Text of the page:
Life & Letters

Correspondence

About this Item

Title: Walt Whitman to Herbert Gilchrist, 18 March [1878]

Date: March 18, 1878

Source: The transcription presented here is derived from Walt Whitman, The Correspondence, ed. Edwin Haviland Miller (New York: New York University Press, 1964), 3:111–112. For a description of the editorial rationale behind our treatment of the correspondence, see our statement of editorial policy.

Location: Walt Whitman Collection, 1842–1957, Rare Book & Manuscript Library, University of Pennsylvania; Library of Congress

Whitman Archive ID: hyb.00004

Contributors to digital file: Elizabeth Lorang, Alicia Bones, Grace Thomas, Anthony Dreesen, Kevin McMullen, and Nicole Gray



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Camden
March 18 5 p m1

Dear Herby

I have just come up this afternoon from White Horse2—Friday & Saturday good outdoor days there—Have had a pretty severe attack of what appears to be (mostly) rheumatism in my right shoulder—more pain to me last night than I have before felt any time, I think, in my whole life—besides unnerved & generally clumsied more than usual3—Expect to come over to-morrow, Tuesday, to a 6½ supper, as usual—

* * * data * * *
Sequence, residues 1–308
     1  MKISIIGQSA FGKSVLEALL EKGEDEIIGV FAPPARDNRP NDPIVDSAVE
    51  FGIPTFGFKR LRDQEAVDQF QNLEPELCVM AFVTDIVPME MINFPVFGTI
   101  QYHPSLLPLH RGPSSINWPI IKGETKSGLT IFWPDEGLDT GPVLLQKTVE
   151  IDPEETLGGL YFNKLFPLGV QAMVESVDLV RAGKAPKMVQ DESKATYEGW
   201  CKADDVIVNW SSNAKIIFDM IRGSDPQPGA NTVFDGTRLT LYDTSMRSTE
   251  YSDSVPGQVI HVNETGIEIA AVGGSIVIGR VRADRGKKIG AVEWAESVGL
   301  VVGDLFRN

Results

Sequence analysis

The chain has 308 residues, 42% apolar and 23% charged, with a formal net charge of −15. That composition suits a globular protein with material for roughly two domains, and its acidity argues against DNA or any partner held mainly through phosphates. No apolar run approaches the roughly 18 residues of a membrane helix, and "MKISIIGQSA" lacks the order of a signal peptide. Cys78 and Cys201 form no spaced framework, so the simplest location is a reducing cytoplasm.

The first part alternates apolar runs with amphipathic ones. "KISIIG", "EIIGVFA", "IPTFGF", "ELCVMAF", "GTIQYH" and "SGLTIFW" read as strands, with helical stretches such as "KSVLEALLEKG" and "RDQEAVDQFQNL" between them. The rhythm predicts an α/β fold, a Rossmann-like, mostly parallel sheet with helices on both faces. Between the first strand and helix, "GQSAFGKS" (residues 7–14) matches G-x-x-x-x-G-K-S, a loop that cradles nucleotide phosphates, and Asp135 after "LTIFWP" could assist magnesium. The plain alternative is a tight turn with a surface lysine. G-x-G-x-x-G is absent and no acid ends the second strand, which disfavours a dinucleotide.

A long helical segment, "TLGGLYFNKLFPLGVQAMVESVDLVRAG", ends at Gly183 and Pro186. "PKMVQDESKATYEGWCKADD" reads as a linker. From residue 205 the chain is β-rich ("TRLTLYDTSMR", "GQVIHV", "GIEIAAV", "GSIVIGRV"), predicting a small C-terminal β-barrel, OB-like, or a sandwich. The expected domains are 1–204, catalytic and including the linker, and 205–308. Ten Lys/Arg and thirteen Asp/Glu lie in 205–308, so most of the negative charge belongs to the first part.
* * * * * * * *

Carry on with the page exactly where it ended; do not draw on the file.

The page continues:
No news particular with the Staffords—Mrs S, Ed, Harry & Debby,4 &c. well—Mr S. pretty well—

Saturday & Sunday lots of Company5—Am writing this in my 3d story room—where I shall remain in the evening & recuperate—


Walt Whitman

I enclose a slip from the Tribune6—may interest you—

Love to all—


Notes:

1. The envelope for this letter bears the address: Herbert Gilchrist | 1929 North 22d Street | Philadelphia. It is postmarked: Camden | Mar | 18 | N.J.; Philad'a, Pa. | Mar | 18 | 10 PM | R(?). [back]

2. Whitman was at Kirkwood from March 15 to 17 (Whitman's Commonplace Book, Charles E. Feinberg Collection of the Papers of Walt Whitman, 1839–1919, Library of Congress, Washington, D.C.). [back]

3. From March 17 to 25 Whitman noted "much suffering from rheumatism & prostration" (Whitman's Commonplace Book); see also his letters to John Burroughs of March 21, 1878 and Herbert Gilchrist of March 23. Later he consulted Dr. S. Weir Mitchell. For more on the consultation, see Whitman's letter to Louisa Orr Whitman of April 13–14, 1878[back]

4. Mrs. Stafford's children, Edwin, Harry, and Deborah. [back]

5. Evidently the "Company" included Ben Pease, Will Fox, Will and Rachel Morgan, and Lizzie Hider (Whitman's Commonplace Book). [back]

6. This may have been the account of "The American Water Color Society" in the New York Tribune of March 18, since Herbert undoubtedly was acquainted with some of the artists mentioned. [back]


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